TREVOR HUTCHINSON, CONTRIBUTING EDITOR
What is postal banking? Quite simply, it’s being able to do one’s banking at the local post office. Imagine having the option to have basic banking services like savings and chequing accounts and bill payments right at the local post office. Later, services like mortgages, loans, and investments, could be added. Postal banking existed in Canada up until 1968 until Canada decided to hand more power over to the private sector and the big banks.
CONT’D ON PAGE 12
POSTAL BANKING CONT’D FROM PAGE 11
There is compelling data suggesting a postal bank could both be profitable and provide customers with lower-cost financial services. Postal banking is profitable in countries like Switzerland, New Zealand, Italy and France, even when some of those countries’ traditional postal services lose money. There are some compelling arguments claiming that postal banking could address several problems right here in Kawartha Lakes.
SMALLER COMMUNITIES CAN LOSE OUT
Postal banking could be lucrative in Canada New Zealand: Kiwibank generated 81% of New Zealand Post’s after tax profits. Switzerland: PostFinance produced 48% of Swiss Post’s operating profits. Italy: BancoPosta profits allowed the Italian post office to make 57 million Euros in profits ($86.1 million CAD) in spite of losses incurred by its postal business. France: La Banque Postale’s operating profits of 842 million Euros ($1271.6 million CAD) made a significant contribution to Le Groupe La Poste’s operating profits of 719 million Euros ($1085.8 million CAD). Sources: New Zealand Post, Swiss Post, Poste Italiane and Le Groupe La Poste, 2014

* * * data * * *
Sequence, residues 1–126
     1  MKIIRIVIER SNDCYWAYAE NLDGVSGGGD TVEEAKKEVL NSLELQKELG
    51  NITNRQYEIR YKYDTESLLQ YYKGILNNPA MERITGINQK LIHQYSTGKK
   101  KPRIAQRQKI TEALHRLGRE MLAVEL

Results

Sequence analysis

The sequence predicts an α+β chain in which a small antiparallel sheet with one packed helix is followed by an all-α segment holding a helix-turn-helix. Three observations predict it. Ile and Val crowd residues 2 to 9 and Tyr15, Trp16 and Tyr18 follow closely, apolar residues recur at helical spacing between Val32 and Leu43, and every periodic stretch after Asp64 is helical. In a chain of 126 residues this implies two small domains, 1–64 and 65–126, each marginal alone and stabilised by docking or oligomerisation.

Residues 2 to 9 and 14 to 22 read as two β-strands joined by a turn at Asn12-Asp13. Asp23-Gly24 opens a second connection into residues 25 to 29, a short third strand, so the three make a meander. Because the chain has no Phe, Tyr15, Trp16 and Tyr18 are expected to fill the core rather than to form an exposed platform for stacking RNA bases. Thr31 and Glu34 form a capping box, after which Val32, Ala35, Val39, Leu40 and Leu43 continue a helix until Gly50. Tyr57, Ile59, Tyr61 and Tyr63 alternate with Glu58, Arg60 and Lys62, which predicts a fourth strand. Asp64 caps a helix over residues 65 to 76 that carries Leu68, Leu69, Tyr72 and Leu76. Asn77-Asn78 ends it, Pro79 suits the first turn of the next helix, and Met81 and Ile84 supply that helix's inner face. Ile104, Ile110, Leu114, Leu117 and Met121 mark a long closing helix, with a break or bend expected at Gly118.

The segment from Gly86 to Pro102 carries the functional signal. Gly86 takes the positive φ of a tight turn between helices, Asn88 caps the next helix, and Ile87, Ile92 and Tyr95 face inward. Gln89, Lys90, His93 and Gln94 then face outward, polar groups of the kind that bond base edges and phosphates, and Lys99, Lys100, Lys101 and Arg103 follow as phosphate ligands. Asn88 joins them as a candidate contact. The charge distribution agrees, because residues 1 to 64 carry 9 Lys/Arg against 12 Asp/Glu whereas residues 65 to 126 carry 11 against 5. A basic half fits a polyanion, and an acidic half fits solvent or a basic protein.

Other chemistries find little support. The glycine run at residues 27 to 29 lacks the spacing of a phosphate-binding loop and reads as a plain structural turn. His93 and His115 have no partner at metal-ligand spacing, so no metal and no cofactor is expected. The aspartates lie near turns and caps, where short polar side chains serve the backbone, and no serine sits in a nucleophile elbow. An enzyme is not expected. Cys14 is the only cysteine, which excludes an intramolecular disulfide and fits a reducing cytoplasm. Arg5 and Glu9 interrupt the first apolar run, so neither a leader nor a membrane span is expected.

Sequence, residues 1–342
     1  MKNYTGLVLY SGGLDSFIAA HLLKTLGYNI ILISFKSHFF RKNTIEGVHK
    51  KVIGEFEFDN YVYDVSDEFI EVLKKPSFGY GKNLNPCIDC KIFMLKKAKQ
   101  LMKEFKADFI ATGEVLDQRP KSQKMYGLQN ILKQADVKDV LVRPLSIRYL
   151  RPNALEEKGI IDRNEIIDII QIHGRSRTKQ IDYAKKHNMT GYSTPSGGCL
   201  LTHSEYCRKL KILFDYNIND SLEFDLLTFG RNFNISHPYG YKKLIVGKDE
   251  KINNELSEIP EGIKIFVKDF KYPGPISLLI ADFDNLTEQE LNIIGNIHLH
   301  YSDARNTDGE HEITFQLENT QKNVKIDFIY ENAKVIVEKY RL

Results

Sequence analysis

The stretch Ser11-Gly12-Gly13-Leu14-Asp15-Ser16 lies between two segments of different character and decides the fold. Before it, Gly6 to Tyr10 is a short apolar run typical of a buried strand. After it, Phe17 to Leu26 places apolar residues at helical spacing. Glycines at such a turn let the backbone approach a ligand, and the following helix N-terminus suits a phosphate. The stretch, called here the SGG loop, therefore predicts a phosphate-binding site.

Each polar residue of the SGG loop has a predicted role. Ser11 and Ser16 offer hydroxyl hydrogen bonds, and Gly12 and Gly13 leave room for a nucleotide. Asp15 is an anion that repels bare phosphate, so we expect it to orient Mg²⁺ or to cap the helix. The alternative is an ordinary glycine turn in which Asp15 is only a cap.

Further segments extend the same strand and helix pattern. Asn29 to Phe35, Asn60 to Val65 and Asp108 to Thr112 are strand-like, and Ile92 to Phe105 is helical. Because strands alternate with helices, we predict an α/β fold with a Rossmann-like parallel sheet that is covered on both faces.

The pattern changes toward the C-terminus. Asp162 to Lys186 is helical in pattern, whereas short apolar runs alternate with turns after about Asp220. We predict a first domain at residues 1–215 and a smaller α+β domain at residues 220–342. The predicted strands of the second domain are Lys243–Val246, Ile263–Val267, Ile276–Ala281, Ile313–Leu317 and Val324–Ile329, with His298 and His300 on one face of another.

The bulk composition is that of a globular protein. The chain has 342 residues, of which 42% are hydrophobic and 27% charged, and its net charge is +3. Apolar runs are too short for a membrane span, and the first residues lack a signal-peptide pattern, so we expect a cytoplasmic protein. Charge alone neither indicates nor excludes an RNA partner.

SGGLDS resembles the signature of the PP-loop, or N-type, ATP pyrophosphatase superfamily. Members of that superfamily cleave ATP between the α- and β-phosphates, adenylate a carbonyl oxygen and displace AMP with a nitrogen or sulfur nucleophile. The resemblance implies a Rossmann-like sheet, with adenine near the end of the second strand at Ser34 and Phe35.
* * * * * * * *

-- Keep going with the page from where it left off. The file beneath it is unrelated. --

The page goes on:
The big banks are getting out of smaller communities. In 1990 there were 7,694 branches in Canada. According to the Canadian Bankers Association (CBA), by 2017 that number fell to 5,907 branches. Having small branches no longer seems to be part of the business plans of the big five banks. In June 2018, for example, RBC announced that it plans to reduce its number of branches by reducing the total square footage of its banking locations by 20 per cent. Simply put, smaller bank branches in smaller communities are a dying breed. Residents of Omemee and Woodville do not to be reminded of this trend, given the recent closure of bank branches in those communities.
EXISTING BANK SERVICES ARE EXPENSIVE Canadian banks are among the most profitable in the world. Since 89 per cent of us use one of the big six banks, we are beholden to their rate and fee structures. A recent survey indicated that baby boomers have already paid an average of $2,200 over their lifetime in bank fees; millennials have paid an average of $760; and Gen-Xers have paid an incredible $2,600 in lifetime fees. And RBC — the one that plans to decrease branch space by 20 per cent? It made a record $12.9 billion in net profit for the fiscal year 2019. It is no wonder most bank CEOs made more money by lunchtime on January 1 than most people reading this will all year, according to the Canadian Centre for Policy Alternatives. McCauley notes that while it existed, the “postal bank had manageable fees.” Without having to support exorbitant executive compensation or be concerned about shareholder return, a postal bank can charge substantially lower fees.